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Last Updated: Friday, 30 May, 2003, 19:48 GMT 20:48 UK
Bust company sacks workers by text
Accident Group employees outside the firm's HQ
Shocked workers take in the news outside the firm's HQ
The UK's largest personal injury claims firm, Accident Group, has sacked 2,400 people - many by text message - after its parent company Amulet Group announced on Friday that it would go into administration.

Staff with company mobile phones received a series of text messages, warning them that salaries would not be paid.

Manchester-based Amulet Group said its subsidiary had to cease trading because it could not sustain its "continual battles with the insurance industry" and after "the sudden failure of a banking partner to support the company".

The administrators, though, blame Accident Group's "lower than expected claims success rate" for the financial difficulties, which they say "resulted in increased insurance premiums on new business and retrospective claims from the underwriters".

Personal injury accident claims services are not regulated, and it can can be very difficult to get any money back that has been paid to Accident Group

About 200 Amulet staff are being kept on to process existing claims.

The news will be a blow to the government, which abolished legal aid for personal injury claims and replaced it with laws that allow solicitors to operate on a "no win, no fee" basis.

Accident Group is the second large personal injury claims firm to fail, following the collapse of Claims Direct - although the latter is now trading again under new owners.

Sacked by text message

Accident Group employee
It was a bit angry in there. There was a lot of shouting
Accident Group employee

Amulet's three other subsidiaries, Accident Investigations, Claims Support Services, and financial adviser First Advice - which sponsors Manchester City football club - are now in administration as well.

Rumours about the collapse of the Accident Group had been circulating since Thursday evening, when employees with company mobile phones received a series of text messages, warning them they would not receive this month's salary.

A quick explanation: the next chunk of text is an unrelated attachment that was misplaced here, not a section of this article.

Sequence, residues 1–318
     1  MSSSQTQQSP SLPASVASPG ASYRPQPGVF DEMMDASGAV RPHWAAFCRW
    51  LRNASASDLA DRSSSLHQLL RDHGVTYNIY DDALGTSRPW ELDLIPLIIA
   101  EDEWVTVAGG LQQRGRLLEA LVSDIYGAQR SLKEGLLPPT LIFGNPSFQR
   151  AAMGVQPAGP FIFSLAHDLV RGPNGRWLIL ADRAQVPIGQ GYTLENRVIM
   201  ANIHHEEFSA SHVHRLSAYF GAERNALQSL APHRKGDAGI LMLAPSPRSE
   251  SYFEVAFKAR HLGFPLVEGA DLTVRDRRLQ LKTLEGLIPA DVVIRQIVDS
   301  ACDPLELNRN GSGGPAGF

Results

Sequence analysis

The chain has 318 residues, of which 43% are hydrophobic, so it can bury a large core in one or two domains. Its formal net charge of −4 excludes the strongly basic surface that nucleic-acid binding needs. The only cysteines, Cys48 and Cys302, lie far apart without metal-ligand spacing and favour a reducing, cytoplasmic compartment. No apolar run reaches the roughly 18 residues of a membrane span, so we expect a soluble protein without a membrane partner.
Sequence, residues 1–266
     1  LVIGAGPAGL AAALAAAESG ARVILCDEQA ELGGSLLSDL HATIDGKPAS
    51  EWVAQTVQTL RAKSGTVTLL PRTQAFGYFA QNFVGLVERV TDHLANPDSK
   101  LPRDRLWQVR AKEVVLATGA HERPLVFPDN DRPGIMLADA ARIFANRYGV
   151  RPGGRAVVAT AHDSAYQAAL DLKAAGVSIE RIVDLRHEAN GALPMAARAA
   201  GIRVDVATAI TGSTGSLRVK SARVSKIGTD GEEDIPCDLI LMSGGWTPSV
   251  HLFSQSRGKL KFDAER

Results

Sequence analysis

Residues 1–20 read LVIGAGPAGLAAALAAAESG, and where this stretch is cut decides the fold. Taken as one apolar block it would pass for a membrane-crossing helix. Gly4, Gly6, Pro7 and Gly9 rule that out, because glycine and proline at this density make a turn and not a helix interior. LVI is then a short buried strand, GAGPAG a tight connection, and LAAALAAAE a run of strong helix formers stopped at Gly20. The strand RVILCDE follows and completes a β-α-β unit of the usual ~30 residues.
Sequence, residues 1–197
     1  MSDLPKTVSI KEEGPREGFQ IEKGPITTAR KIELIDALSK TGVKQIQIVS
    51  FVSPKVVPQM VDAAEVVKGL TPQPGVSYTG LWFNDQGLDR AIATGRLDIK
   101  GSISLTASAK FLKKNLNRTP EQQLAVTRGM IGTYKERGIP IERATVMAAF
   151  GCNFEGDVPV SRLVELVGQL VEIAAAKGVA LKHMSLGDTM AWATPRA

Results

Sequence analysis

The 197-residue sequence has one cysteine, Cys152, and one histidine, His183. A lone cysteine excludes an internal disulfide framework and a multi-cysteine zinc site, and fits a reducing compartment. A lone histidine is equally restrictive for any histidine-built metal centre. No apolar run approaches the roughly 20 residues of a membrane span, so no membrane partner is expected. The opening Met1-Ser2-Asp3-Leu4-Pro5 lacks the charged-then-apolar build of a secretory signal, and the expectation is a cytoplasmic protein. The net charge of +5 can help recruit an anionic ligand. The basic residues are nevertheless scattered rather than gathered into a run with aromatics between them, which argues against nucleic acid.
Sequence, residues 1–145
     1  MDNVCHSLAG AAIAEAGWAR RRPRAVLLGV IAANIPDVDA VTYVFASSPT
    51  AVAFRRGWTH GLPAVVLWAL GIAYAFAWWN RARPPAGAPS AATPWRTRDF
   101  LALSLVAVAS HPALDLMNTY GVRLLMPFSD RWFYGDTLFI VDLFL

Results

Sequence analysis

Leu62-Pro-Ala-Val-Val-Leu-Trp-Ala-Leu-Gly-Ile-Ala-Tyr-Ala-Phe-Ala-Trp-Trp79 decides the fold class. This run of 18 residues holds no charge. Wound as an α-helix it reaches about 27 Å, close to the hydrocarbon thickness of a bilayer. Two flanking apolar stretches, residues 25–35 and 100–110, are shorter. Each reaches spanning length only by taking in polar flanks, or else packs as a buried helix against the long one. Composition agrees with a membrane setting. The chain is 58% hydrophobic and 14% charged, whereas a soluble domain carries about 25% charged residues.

Workers were first asked to "check your e-mail for salary news" and then told that "unfortunately salary is not paid".

Staff were given the news at Manchester head office at noon on Friday. During the morning, a BBC reporter saw security preventing staff from leaving the building with their personal belongings.

One worker, who had just been told she had lost her job, told the BBC: "They came in and said the administrators have taken over, some of us may have jobs and there are letters going out in the post. It was a bit angry in there. There was a lot of shouting."


After having had an accident, the company's customers could take out an insurance with Accident Group that covered them for making their personal injury claims. Legal expenses were paid for if they lost their case.

Company or creditors ask court to put firm into administration
Administrators take on day-to-day control
Firm is protected from creditors
Company can be rescued - or is sold at best value
Suits mainly larger companies because of administration costs

The company collects the claims and then passes them on to solicitors.

Customers have to pay the hefty insurance fee only if they win their claim.

Terry Lindon, chairman of rival firm Invaro, said the Accident Group's business model was "wholly flawed", and called on the government to regulate the sector more tightly.

Amulet Group now has a network of 35 shops and kiosks around the UK.

Last year it reported profits of 17.8m on a turnover of 243m.

It arranged insurance for 178,000 people for the year to 31 August.


Parent company Amulet Group is now in administration.